Identification of the scope and the actions that will be specified begin once all the primary objects have been set.


Following the completion of the PCS, the business shall issue an engagement letter containing all of his appointment's terms and conditions.


The PCS shall plan appropriately for the auditing process, including the initial areas of law to be examined, the dates of auditing visits, the approximate time frame required to complete the auditing job, and so forth.


Conducting the audit and recording all observations and findings made during the auditing procedure.


After the auditing work is finished, PCS will submit the final Audit report in the required format MR-3, duly signed, and stamped with the company secretary in practice.

Penalty imposed for violation of Section 204

The company, its director, officer, or practicing company secretary if conflicts any provision of this section will be liable with a penalty or fine of a minimum of Rs.1 Lakh and it can be extended to Rs. 5 Lakhs.

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Frequently Asked Questions

The scrutiny of financial documents and accounts is not the exclusive purpose of an audit. The term "audit" actually refers to a thorough examination and verification of a company's overall operations, functions, data, records, efficiency, and other factors.

Secretarial auditing is a form of legal compliance that supports monitoring, examining, and confirming that a corporation operates in accordance with the laws and regulations that apply to it.

The company, its director, officer, or practicing company secretary if conflicts any provision of this section will be liable with a penalty or fine of a minimum of Rs.1 Lakh and it can be extended to Rs. 5 Lakhs.

The paid-up share capital should be more than ₹50 crores, and the turnover should be more than ₹250 crores. If any of these criteria match, then a secretarial audit becomes compulsory, and a practising Company Secretary is fit to conduct the process of a secretarial audit.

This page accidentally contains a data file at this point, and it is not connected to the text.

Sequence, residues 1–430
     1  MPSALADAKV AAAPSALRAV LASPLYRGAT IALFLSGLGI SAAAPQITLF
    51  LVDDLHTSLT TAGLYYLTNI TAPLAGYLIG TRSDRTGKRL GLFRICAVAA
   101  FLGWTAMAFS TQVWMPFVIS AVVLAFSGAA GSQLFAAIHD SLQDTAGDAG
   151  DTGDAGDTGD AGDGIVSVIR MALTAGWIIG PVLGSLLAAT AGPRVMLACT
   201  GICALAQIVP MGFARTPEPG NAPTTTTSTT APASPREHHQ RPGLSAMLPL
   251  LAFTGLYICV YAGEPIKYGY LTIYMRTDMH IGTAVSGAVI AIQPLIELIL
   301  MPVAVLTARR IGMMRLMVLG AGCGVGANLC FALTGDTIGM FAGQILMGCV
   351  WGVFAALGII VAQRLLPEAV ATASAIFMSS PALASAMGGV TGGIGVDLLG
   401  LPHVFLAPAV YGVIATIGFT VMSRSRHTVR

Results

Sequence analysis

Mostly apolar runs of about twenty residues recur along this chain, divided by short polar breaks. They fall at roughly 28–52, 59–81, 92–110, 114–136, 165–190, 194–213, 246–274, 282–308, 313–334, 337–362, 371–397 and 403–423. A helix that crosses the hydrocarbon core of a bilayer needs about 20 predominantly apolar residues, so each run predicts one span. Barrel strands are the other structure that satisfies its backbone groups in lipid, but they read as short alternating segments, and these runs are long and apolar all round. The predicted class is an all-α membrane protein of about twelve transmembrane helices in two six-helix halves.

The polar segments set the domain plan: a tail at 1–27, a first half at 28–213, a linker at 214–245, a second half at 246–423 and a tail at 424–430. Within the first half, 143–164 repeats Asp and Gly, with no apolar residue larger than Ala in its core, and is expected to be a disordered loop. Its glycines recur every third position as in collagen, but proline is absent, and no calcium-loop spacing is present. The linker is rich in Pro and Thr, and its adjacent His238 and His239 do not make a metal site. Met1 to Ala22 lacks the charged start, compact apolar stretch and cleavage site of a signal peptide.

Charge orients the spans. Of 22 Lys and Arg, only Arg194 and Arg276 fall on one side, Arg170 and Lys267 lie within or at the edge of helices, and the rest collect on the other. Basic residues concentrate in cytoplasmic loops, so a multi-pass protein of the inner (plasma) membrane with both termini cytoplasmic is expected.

Presently, The authority (ICSI) has not placed any limitation on the number of Secretarial audits conducted by a Practicing Company Secretary in a financial year.

There is no requisite for peer review of Secretarial Auditors.

The Secretarial Auditor is required to be appointed through a resolution passed at a duly convened Board meeting. However, it is recommended for Secretarial Auditor to get the letter of engagement from the company.

A member of the Institute holding a valid certificate of practice shall be entitled to sign Secretarial Audit Report(s) pursuant to Section 204 of the Companies Act, 2013.

Every Public Company with Paid-up capital of 50 crores or more, Every Public Company with a turnover of 250 crores or more, Any private company that is a subsidiary of a public company that falls into the above categories shall conduct a Secretarial Audit.



Documentation and Backup

Reliance upon management representation

Complying with the timelines

Impartial Behaviour

Maintaining the Audit records